Fr. David J. Endres gave a talk on Civil War Chaplain Fr. William O’Higgins on Saturday, Aug. 6, at the Kenosha Civil War Museum. (Photos by Karen Mahoney)

At the time of American Civil War, Priest Chaplain William O’Higgins was having difficulties working with his pastor and bishop.

So, unlike many Americans of Irish descent who avoided the war, he decided to become a chaplain in the battle between the states.

Fr. David J. Endres, a Civil War expert and academic dean and associate professor of church history at Mount Saint Mary’s Seminary in Cincinnati, presented a talk on O’Higgins on Saturday, Aug. 6, at the Kenosha Civil War Museum.

“Fr. O’Higgins’ story has a certain way of being a lens for us to understand the 19th Century in a better way,” said Fr. Endres, most recently the author of “Soldiers of the Cross, the Authoritative Text: The Heroism of Catholic Chaplains and Sisters in the American Civil War.” “He was an immigrant as so many were at this time. He was a member of an ethnic minority, an Irishman, a missionary and a pastor. He was also a soldier and a fighter, and we can think of a fighter literally or maybe figuratively in some ways. He had a lot of energy that he put forward.”

Comparing him to a “19th century Forrest Gump,” Fr. Endres explained that O’Higgin’s life skirted some of the most important and impactful moments in the 19th century, such as the Irish famine, the Civil War, post-war reconstruction — and then he rubbed shoulders with one of the most important bishops at the first Vatican council. His life ended where it began, in Ireland.

“Fr. O’Higgins tried many things, but his most significant years seem to be the three he served as Chaplain in the 10th Ohio,” said Fr. Endres. “This was where he seemed most at home. O’Higgins was a man who could bristle under authority. He could be disagreeable and mean-spirited, he could be jealous of others, but the war was one way he could claim a good deal of self-respect and even redemption.”

Born in 1829 in Ireland, O’Higgins’s famous uncle was William O’Higgins, the bishop of Ardagh. With his uncle’s support or prompting, the younger O’Higgins began studying for the priesthood at Maynooth, the largest seminary at the time, which is still in existence.

“The young William seems to be doing OK until the bishop dies. Then suddenly, without the kind of backing and the patronage that the soon Fr. O’Higgins was enjoying at the time, the rector of the seminary wonders if it might be better if the young O’Higgins was gone,” said Fr. Endres. “After the death of the uncle in 1853, the rector is pushing O’Higgins out the door, but O’Higgins himself finds his way out when a traveling missionary bishop comes to town, a man by the name of John Heinz. Heinz was a bishop to British Guyana and was recruiting seminarians to be missionaries.”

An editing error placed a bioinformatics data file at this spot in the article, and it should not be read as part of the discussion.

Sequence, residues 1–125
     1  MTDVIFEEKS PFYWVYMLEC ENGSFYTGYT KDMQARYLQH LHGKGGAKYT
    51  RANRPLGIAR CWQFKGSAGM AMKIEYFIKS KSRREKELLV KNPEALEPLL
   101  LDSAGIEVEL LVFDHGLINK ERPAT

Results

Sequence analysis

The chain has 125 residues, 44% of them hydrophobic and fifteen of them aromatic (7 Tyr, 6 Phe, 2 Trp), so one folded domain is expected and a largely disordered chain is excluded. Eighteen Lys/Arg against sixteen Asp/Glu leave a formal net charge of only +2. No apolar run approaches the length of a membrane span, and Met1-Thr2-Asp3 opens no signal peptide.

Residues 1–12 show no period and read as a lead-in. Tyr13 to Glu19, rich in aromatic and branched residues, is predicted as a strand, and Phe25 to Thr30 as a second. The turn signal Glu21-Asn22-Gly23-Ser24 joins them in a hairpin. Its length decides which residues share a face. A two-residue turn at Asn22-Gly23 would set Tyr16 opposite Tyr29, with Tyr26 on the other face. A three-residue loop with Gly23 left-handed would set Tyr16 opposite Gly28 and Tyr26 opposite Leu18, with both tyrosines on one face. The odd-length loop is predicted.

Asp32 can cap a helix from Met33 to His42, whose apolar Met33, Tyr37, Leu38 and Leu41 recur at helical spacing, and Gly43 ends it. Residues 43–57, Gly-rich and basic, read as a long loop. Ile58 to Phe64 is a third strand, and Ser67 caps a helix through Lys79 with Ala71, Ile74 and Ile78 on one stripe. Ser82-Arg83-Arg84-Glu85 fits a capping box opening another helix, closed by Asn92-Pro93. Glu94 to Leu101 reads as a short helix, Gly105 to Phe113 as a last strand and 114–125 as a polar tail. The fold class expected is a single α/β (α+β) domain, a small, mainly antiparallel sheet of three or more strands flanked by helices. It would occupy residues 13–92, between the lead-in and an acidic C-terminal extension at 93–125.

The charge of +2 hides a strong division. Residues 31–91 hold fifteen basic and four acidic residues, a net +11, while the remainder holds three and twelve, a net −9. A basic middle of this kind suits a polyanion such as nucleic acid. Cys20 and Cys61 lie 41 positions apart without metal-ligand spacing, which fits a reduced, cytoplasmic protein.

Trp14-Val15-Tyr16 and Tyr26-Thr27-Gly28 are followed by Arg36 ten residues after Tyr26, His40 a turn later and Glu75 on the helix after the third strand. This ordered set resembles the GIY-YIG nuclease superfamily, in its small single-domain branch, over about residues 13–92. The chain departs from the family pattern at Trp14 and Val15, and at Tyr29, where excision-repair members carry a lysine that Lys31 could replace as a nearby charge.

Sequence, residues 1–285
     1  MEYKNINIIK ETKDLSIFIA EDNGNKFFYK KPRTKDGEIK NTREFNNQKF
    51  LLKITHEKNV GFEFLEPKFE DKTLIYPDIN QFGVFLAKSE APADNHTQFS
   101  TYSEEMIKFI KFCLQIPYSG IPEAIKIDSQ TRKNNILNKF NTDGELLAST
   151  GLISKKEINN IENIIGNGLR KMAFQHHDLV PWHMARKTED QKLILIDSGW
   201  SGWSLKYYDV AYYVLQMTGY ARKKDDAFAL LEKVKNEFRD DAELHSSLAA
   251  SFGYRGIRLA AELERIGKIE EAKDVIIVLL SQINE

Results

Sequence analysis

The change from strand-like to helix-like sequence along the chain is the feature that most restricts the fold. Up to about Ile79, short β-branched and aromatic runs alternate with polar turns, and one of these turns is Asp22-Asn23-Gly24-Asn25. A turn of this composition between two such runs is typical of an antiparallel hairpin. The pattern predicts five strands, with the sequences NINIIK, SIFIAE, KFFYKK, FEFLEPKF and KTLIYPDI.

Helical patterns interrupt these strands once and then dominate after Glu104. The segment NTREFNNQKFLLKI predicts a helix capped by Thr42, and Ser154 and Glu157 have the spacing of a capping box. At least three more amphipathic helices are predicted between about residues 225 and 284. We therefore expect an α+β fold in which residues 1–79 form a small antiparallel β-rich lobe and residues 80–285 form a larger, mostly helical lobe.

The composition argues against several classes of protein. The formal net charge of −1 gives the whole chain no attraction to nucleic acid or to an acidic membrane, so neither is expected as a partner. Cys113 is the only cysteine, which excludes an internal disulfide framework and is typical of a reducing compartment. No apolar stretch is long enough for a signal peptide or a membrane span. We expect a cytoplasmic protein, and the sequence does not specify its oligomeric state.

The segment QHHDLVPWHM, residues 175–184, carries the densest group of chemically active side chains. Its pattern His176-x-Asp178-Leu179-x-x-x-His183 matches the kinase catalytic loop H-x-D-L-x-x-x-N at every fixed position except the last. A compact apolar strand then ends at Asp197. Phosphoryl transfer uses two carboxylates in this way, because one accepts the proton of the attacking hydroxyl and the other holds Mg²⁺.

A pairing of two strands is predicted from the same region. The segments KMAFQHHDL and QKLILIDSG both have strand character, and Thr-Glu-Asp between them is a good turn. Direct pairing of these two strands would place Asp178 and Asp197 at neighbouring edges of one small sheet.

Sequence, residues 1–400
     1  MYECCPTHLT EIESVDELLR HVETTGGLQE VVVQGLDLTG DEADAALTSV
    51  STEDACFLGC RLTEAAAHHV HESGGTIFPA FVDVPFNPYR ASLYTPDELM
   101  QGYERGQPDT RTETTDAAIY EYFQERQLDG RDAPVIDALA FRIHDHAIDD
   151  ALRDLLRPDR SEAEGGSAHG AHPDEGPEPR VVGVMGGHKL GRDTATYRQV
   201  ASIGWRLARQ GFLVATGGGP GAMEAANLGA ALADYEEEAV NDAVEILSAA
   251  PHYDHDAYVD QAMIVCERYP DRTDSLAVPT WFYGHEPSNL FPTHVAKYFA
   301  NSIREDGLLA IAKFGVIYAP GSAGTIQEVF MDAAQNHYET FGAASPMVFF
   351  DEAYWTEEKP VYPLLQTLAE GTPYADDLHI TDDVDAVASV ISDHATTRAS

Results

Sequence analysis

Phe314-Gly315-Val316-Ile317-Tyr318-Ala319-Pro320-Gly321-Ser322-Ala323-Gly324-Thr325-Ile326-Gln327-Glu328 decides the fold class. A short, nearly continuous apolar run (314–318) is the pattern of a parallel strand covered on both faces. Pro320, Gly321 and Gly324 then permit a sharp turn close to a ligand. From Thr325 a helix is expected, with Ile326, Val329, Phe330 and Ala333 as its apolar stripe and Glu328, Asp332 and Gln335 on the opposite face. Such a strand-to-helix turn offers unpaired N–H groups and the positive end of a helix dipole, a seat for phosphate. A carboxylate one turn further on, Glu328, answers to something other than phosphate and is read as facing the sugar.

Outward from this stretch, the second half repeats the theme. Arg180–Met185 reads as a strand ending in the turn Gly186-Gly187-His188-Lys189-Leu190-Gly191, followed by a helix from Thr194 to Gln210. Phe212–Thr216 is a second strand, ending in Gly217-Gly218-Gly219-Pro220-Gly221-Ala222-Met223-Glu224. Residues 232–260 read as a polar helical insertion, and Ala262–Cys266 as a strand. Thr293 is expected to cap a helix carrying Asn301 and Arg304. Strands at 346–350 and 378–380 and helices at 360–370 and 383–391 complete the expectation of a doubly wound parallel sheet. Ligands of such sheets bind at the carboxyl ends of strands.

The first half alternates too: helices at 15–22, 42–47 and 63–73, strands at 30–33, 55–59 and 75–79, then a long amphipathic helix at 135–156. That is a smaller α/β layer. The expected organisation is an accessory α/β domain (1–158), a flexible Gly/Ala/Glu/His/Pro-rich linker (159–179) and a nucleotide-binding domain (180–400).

Heinz interviewed the rector and learned of O’Higgins’ violent temper, cunning and insolence. Heinz consented to have him anyway, for he said, he can “hardly be as bad as the priests I already have.”

The missionary life in British Guyana was grueling, with extreme poverty and rampant illness. It was so difficult that Heinz looked for a way out and complained repeatedly to the Vatican. Finally, the mission was put under the direction of the Jesuits.

“So, Heinz gets to leave, and O’Higgins was told he could choose his next move,” said Fr. Endres. “O’Higgins writes to Cincinnati Archbishop Purcell asking him if he had a place for him, and Purcell wrote back and told him to get there as soon as he can, and they will have a spot for him. He served a couple of years at some small parishes along the Ohio River, where many Irish had immigrated, (then) he got promoted to the big leagues. He was sent to the largest Irish parish, St. Patrick’s in Cincinnati, to be the assistant priest.”

Fr. Richard Gilmour, the parish priest, and Fr. O’Higgins clashed almost immediately. After thinking he was going to be removed from the diocese, Fr. O’Higgins sent a series of letters to Archbishop Purcell, explaining his side of things. One of his last letters expressed his desire to apply for the position of chaplain in the Army in the war because the situation at St. Patrick’s was so tenuous.

In the U.S., military chaplains have served since the Revolutionary War. The widespread use of Catholic Chaplains did not begin until the Civil War after large populations of Catholic immigrants changed the demographic of a previously Protestant-dominated America.

“This was his letter of escape,” said Fr. Endres. “So, on June 3, 1861, O’Higgins becomes chaplain of the 10th Ohio, which was primarily an Irish regiment.”

Not only did this help O’Higgins escape his situation, but he provided for a real need in the Army. He served for most of the war, unlike most chaplains, who may have served several months to a year. O’Higgins served for three years.

“O’Higgins’ duties were to prepare men for the sacraments, as war was a great time to get caught up on the sacrament of baptism, confession, communion and confirmation,” said Fr. Endres. “Despite challenging circumstances and a limited number of supplies, O’Higgins tried to say Mass daily. More challenging for him was to elevate the morale of the men.”

After the war, Fr. O’Higgins served in Cincinnati; Little Rock, Arkansas; and Cleveland before returning home to Ireland, where he died in 1874.

The Kenosha Civil War Museum Exhibit

“Loyal to the Union: Ohio in the Civil War” is available until June 4, 2023

Hours: Monday through Saturday: 10 a.m. to 5 p.m.; Sunday: Noon to 5 p.m.

For more information, visit